12. The Church and the Message of Justification by Faith. The church in its official documents has stated clearly its understanding of salvation through faith in Jesus.
“He [Christ] suffered and died voluntarily on the cross for our sins and in our place, was raised from the dead, and ascended to minister in the heavenly sanctuary in our behalf” (Fundamental Belief# 4).
“God in Christ reconciled the world to Himself and by His Spirit restores in penitent mortals the image of their Maker” (Fundamental Belief #7).
“In Christ’s life of perfect obedience to God’s will, His suffering, death, and resurrection, God provided the only means of atonement for human sin, so that those who by faith accept this atonement may have eternal life” (Fundamental Belief #9).
“Through Christ we are justified, adopted as God’s sons and daughters, and delivered from the lordship of sin. Through the Spirit we are born again and sanctified; the Spirit renews our minds, writes God’s law of love in our hearts, and we are given the power to live a holy life” (Fundamental Belief #10).
“Salvation is all of grace and not of works, but its fruitage is obedience to the Commandments” (Fundamental Belief #18).
A comparison between the understanding of the Church and that of the 1888 Study Committee reveals significant differences that have contributed to confusion and in some cases division among church members.
Beyond question, the Church is in constant need of revival and reformation. Unless the gospel of justification by faith takes control of the life of each church member, transforming the person, we will remain in a state of lukewarmness. It is important for the Church, as it fulfills its mission, constantly to listen to the message of the True Witness (Rev 3:14-22).
The charges raised by the 1888 Study Committee against the leadership of the Church are very serious. If the Church is proclaiming a false gospel, it has no right to exist. A partial understanding of the gospel, as they claim the Church to have, is not a true understanding of the gospel. If they are the only ones who have a clear and complete understanding of the gospel, then everyone else is proclaiming a false gospel. They are implicitly accusing the Church, or at least the leaders of the Church, of apostasy. We have found such accusations to be groundless as evidenced in the official statements of beliefs of the Church.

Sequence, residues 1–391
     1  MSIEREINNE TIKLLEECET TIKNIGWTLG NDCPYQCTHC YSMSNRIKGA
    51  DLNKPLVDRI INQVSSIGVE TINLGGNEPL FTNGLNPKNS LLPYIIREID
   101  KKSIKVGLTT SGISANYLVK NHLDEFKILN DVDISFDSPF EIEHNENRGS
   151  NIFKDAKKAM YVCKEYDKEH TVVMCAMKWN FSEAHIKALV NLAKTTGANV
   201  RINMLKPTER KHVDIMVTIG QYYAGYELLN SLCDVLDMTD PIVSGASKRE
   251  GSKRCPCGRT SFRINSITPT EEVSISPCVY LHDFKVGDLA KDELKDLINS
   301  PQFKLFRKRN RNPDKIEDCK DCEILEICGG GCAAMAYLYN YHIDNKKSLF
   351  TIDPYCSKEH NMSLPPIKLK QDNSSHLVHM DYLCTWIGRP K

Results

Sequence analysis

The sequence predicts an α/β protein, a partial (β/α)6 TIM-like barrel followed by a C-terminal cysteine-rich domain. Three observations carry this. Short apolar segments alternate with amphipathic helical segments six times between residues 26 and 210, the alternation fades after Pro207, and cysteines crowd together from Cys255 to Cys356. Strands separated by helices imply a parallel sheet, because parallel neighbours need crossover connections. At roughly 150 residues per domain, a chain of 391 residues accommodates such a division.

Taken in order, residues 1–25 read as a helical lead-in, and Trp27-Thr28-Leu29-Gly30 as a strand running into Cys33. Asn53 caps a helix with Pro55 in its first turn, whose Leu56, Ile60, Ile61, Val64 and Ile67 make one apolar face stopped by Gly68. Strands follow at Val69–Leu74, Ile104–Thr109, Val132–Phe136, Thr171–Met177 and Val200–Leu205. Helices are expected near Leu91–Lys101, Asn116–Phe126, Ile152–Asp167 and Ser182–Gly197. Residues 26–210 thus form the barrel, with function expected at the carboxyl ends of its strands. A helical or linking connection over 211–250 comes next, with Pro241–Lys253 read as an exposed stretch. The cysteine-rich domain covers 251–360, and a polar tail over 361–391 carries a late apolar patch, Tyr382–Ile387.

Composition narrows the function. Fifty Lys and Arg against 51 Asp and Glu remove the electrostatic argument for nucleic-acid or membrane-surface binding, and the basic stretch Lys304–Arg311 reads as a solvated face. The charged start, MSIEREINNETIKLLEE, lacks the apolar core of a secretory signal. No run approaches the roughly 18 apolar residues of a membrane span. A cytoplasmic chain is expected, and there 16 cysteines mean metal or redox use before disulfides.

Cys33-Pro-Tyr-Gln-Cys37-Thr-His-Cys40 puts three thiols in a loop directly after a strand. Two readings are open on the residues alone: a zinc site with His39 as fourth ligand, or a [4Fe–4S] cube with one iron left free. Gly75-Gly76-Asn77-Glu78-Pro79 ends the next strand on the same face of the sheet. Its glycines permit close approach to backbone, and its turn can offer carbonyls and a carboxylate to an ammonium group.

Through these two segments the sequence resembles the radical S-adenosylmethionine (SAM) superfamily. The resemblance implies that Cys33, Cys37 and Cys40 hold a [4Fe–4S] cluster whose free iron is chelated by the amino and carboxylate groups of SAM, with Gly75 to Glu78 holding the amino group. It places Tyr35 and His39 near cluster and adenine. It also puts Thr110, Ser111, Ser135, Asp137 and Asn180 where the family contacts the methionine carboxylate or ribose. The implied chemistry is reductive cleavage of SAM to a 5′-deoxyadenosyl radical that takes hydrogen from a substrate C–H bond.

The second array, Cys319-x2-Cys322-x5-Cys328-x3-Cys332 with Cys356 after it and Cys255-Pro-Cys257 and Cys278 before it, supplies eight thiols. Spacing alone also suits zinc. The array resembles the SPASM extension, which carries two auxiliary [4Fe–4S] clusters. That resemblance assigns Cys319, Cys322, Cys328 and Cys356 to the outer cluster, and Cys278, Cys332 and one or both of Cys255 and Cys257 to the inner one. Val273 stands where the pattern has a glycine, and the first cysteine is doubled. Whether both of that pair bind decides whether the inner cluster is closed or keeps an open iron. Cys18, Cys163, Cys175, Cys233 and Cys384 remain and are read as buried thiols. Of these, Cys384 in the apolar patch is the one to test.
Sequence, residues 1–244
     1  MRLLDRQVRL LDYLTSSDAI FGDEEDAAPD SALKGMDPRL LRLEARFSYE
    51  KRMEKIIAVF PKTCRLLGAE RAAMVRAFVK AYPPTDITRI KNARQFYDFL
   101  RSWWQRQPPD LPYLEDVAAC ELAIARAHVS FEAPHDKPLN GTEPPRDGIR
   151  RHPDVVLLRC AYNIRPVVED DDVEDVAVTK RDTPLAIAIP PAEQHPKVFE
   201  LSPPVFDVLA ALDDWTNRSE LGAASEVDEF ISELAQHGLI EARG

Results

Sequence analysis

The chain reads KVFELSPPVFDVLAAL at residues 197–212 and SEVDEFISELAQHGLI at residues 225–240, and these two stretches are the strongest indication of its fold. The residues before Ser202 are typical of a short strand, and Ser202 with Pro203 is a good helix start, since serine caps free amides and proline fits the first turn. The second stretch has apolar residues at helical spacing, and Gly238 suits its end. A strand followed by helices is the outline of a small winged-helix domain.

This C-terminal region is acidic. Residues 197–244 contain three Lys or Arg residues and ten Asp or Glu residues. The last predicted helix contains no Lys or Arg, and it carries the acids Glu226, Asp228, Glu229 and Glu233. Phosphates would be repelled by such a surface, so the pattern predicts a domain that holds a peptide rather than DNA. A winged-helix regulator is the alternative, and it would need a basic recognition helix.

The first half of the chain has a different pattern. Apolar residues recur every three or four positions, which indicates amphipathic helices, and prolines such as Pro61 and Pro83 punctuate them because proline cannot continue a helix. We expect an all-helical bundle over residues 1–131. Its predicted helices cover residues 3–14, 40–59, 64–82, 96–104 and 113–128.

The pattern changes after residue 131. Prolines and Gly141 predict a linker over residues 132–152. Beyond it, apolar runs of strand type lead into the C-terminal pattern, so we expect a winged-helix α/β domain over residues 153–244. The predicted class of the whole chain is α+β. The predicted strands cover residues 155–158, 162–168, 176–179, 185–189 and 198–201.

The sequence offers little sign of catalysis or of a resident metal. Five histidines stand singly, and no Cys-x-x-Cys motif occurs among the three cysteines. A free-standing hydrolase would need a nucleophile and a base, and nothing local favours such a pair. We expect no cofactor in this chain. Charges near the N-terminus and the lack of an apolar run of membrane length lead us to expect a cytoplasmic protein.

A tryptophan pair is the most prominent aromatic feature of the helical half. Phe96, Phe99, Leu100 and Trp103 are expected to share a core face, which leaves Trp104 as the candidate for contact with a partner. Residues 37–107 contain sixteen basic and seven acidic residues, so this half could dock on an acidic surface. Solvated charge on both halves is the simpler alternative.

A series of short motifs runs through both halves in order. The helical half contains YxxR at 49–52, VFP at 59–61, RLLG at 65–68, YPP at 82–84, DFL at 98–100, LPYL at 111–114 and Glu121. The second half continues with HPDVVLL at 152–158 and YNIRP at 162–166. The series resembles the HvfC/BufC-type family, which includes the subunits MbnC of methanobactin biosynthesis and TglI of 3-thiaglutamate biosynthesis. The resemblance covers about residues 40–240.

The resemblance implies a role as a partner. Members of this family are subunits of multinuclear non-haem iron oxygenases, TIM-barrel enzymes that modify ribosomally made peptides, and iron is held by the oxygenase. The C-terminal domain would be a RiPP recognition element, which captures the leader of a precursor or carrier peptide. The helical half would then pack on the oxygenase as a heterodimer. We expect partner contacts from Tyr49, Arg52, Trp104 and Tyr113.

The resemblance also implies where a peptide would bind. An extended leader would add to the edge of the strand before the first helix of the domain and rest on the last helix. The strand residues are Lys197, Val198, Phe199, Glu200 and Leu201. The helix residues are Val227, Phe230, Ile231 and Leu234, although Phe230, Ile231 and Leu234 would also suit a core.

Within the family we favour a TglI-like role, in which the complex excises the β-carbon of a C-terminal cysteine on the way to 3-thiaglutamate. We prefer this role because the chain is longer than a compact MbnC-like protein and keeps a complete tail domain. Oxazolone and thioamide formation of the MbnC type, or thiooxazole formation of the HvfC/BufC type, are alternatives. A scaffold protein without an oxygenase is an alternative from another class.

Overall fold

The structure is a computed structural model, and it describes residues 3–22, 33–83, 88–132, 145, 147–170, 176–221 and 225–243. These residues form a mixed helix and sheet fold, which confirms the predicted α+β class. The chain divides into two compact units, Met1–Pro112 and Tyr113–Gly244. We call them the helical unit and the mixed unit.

Therefore, we firmly believe that the 1888 Study Committee should discontinue its claims that the true message of righteousness by faith was rejected by the leaders of the Church, that they never genuinely accepted it, and that they have intentionally kept it away from the Church and the world.
We do not question the sincerity of the leaders of the 1888 Study Committee, but we do question the wisdom of the current course of action. If the committee chooses to continue its work outside the organized Church, we appeal to it to adopt the pattern of what is described as a supportive ministry. Such groups seek places to work where, in harmony with and under guidance of Church leadership in that field, they carry out activities that are part of the planned program for that field. Almost always their efforts are designed to reach out to unbelievers, calling them to Christ and His righteousness, and enlisting them among His remnant people. Supportive ministries promote harmony in both doctrine and relationship with the Church. We desire this as the outcome of our prayer and study together.